130 Norton 1987 p.10f

environments they may have to live in and eventually even come to prefer that type of environment to the natural environment. In order to support his assumption, he points out that many people today prefer swimming pools to the ocean even at seaside resorts despite the water in the ocean being as clean as the water in the pool.131 One might also add that the number of people who spend their time off at the mall is much larger than the number of people who spend it at the nearest public wilderness area.

I am not convinced that this really grants Radetzki’s conclusion however. The facts seem undisputable but the logic is not convincing. Even if many people today actually prefer the barren monocultures of a modern city, they might in the same way learn to appreciate a richer environment with larger biodiversity if they became exposed to it in a proper way and were provided with the basic understanding of biology that makes it possible to get more pleasure from the experience. This is in fact parallel to Norton’s example: Most young people today would not freely go to a classical music concert, but if they where exposed to it and got to learn about it at least a good part might acquire a taste for this kind of music and as a result have a wider selection of music to enjoy. The transformative value of a ticket to a concert does therefore not necessarily consist just in changing the taste of the concertgoer. It might well – as it did in Norton’s example – consist in adding to the tastes she already has, and therefore increasing choice value.132 The thing is that if you start appreciating experiencing other species you do not have to stop experiencing the pleasures of modern civilisation. In the same way, by getting access to the latter, you do not have to give up the former. By learning to appreciate both, you will rather have more things to appreciate (increased choice value). Radetzki’s argument seems to rest on the assumption that we can transform away preferences and so to speak “get over” things we do not have access to anymore, while Norton’s seem to rest on the idea that we through transformation can both increase and refine our set of preferences. Both directions are probably possible, but Norton’s direction (towards an increase of demand values) clearly seems more enriching while Radetzki’s seems to make our lives less rich. Even if we learn to appreciate what we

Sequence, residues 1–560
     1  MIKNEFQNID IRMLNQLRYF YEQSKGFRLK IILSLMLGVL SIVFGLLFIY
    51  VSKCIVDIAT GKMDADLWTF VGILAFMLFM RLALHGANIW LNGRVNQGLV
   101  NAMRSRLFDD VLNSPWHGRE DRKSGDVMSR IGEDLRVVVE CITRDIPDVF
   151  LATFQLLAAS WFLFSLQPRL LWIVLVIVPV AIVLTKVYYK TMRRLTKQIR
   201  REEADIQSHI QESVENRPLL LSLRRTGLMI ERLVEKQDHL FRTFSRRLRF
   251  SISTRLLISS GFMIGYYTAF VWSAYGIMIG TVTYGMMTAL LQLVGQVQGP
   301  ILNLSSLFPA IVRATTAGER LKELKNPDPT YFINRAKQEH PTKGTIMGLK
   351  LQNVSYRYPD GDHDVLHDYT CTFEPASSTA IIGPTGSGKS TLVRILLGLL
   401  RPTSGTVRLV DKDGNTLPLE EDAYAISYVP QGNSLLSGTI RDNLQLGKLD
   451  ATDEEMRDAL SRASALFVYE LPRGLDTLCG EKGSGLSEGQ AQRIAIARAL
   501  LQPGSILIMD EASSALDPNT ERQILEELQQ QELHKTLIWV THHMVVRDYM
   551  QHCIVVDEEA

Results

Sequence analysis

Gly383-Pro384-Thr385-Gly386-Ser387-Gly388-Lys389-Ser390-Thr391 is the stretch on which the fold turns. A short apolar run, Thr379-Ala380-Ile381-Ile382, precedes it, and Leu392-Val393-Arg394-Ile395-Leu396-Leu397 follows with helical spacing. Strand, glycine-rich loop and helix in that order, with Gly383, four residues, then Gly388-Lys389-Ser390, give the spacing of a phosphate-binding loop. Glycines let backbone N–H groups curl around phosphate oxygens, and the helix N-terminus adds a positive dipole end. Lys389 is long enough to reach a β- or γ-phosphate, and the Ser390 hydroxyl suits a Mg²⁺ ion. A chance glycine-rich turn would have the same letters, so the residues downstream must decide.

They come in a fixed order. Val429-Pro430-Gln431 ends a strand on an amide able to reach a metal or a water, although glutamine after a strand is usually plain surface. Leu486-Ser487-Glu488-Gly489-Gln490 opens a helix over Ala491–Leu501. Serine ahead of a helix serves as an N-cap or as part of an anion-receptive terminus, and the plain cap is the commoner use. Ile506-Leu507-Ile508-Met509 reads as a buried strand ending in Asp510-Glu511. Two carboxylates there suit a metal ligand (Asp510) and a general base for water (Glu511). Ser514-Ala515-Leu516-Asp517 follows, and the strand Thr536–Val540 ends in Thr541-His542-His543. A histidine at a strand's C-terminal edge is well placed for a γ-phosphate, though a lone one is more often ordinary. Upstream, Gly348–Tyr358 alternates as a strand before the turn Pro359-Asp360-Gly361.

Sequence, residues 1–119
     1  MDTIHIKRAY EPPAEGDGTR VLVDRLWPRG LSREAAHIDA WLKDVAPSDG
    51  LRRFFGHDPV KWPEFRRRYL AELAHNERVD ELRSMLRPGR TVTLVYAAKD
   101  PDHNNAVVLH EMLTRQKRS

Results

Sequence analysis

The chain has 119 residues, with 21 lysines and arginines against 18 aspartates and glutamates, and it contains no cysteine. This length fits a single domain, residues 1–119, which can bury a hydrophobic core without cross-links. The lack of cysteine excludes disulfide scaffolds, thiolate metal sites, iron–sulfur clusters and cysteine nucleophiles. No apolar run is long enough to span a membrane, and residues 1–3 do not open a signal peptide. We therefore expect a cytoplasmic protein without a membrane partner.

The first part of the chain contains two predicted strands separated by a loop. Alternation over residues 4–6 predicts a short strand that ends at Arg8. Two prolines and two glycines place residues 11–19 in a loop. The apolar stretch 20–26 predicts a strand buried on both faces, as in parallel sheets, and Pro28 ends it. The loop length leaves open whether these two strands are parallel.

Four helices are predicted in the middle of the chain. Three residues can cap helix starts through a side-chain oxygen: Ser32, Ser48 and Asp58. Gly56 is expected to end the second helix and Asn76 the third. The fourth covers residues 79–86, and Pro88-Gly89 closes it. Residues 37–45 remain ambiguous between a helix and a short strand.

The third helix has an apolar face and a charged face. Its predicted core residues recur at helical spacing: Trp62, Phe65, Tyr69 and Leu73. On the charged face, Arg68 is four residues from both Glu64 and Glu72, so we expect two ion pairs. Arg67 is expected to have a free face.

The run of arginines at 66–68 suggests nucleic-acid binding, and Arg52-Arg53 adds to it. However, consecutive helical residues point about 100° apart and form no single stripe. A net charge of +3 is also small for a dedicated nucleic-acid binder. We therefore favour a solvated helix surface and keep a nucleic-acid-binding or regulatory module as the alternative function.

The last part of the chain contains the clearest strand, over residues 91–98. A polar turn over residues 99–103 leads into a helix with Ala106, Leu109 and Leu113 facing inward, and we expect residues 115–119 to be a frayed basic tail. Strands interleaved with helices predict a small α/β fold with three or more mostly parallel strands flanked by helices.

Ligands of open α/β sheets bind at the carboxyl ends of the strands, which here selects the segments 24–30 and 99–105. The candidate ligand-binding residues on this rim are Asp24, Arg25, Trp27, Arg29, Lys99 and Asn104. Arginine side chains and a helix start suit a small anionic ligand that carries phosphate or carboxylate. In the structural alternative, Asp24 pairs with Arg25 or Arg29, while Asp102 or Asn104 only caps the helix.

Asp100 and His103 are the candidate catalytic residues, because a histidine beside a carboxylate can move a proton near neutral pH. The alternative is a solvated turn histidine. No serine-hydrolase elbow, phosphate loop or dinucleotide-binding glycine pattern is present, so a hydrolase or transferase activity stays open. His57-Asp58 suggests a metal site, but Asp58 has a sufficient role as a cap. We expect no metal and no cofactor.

131 Radetzki 1990 p.55, Radetzki 2001 p.79

132 Maybe we can describe the relation between transformative value and other types of value thus: ‘Something has transformative value if it enhances something’s value – not by transforming the object of value but by transforming the valuer’. The relation between the two types of value discussed in this and the previous chapter will thus be: ‘One way in which something can have transformative value is by enhancing something’s choice value – not by transforming the object of value but by transforming the valuer’. It may also be a good idea to distinguish between positive and negative transformative value, where the former transforms the valuer into valuing something she did not value before (or valuing it more than she did before), while the latter transforms the valuer into not valuing something (or valuing it less). This means that choice value is only increased by positive transformative value.

have got, it seems quite clear that it would be even better if we got more to appreciate. All in all it seems clear that the existence of transformative values talks clearly in favour of diversity: With more diversity we can learn to appreciate more things and therefore have a richer life, as with the teenage girl in Norton’s example who learned to appreciate both rock and classical music. Radetzki’s reasoning might be of some comfort if we lose diversity, but Norton’s reasoning shows us that more diversity is still better. This ought reasonably to go for biological diversity as well as for diversity in musical styles.

I think the distinction between demand values and transformative values is quite interesting, and it seems very reasonable to include transformative values among our reasons to preserve other species from an anthropocentric perspective.